# LISP Questions & Answers – Difference Between Setq and Setf

This set of LISP Multiple Choice Questions & Answers (MCQs) focuses on “Difference Between Setq and Setf”.

1. What is the difference between setf and setq?
a) Setq is used for symbols only but setf can be used anywhere
b) No difference is there
c) Setf is used only for numbers but setq used anywhere
d) Setf is for lists and setq for numbers

Explanation: Setq is used only for setting the values of symbols but setf can be used for anything. Setf can be used for setting value of any data-type and not only symbols.

2. Choose the correct about Setf and Setq.
a) Setq can be used in place of setf but not vice versa
b) Setf can be used in place of setq but not vice versa
c) Both can be used in place of each other
d) Neither can be used in place of each other

Explanation: Setq is used only for symbols and setf is used for any data type, so Setf can be used in place of setq but setq cannot be used in place of setf.

3. How many arguments do setf or setq can have in single braces?
a) 2
b) 4
c) 28
d) Any even number of arguments.

Explanation: The setf and setq takes any number of arguments but the number must be even. Even is required because one of the two will be value taker and another one will be value giver. So, it always comes in a pair.

4. In multiple arguments in setf and setq, it prints ____
a) All the values
b) Only the first value
c) Only the last value
d) Numerically smallest value

Explanation: In the process of assigning values to multiple variables with setf and setq, the setf and setq prints only the last value assigned to a variable. It does not print all the values.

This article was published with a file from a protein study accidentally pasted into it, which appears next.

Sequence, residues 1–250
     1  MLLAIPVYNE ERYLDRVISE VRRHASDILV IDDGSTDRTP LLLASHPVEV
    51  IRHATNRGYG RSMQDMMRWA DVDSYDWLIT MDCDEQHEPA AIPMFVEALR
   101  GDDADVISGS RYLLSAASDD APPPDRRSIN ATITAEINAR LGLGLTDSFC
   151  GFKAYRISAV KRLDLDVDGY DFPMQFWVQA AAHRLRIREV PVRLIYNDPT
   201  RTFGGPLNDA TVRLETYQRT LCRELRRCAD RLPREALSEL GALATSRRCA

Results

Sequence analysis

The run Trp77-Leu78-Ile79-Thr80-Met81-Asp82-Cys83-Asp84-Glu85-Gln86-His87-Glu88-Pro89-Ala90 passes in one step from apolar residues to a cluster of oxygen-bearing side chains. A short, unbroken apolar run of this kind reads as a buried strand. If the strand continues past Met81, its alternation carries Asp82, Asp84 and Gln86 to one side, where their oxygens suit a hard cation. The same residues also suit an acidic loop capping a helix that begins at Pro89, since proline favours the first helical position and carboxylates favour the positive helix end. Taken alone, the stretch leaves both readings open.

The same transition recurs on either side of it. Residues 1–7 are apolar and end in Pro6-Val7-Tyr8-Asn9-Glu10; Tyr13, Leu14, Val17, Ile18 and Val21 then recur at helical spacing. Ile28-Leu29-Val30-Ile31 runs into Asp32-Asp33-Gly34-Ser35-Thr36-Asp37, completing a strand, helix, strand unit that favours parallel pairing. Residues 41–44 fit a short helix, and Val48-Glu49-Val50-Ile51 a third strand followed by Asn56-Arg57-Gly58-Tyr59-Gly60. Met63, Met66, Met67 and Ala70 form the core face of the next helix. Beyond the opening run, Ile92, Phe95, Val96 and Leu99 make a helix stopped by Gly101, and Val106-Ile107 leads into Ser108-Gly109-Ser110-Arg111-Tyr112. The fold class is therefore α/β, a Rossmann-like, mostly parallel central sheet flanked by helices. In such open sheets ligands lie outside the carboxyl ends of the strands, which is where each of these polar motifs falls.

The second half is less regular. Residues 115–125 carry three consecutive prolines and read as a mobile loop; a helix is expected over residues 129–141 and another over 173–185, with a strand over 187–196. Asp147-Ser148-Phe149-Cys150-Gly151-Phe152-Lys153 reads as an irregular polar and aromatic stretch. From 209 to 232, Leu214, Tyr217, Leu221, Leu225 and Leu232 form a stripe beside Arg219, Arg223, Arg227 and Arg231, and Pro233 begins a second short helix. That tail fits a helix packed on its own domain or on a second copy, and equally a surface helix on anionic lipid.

5. Setf refers to set field?
a) Yes
b) No

Explanation: The full form of setf is set field and it means that it sets the field with the value given.

6. What will the output after the execution of following LISP statement?

`(setq (car x) 2)`

a) 2
b) Error
c) X
d) 2X

Explanation: The statement will show error because (car x) is not a symbol and setq requires arg1 to be a symbol.
Output: Error

7. What will be the output after the execution of the following LISP statement?

`(setf (car '(a b cd)) 2)`

a) Error
b) 2
c) A
d) A B

Explanation: The (car ‘(a b cd)) will give A and then the setf give value 2 to it.
The setf doesn’t show error to this as it allows any type of datatype as arg1.
Output: 2

8. What is the value of (cdr ‘(a b c d)) after following LISP statements?

```(write (setf (cdr '(a b c d)) 2))
(write (cdr '(a b c d)))```

a) 2
b) B C D
c) A
d) A 2

Explanation: The setf will store the value 2 in (cdr ‘(a b c d)) but when it comes out of the setf braces and (cdr ‘(a b c d)) is again called then it is treated as a new statement and the value of (cdr ‘(a b c d)) again changes to B C D. We can say scope of setf’s cdr remain in that braces only. And the again called cdr has its new scope with its own values.
Output: 2 B C D.

9. What will be the value of pow(x,y) after this LISP statement?

`(setf x 5 y 4)`

a) 20
b) 1024
c) 625
d) 645

Explanation: The value of x is 5 and that of y is 4 after this statement’s execution. And pow(x,y) means x raised to power y in general. So pow(5,4) will give 625.

10. What will be the value of p after this program?

`(setf p 2) (setf p 3) (setf p 4)`

a) 2
b) 3
c) 4
d) Error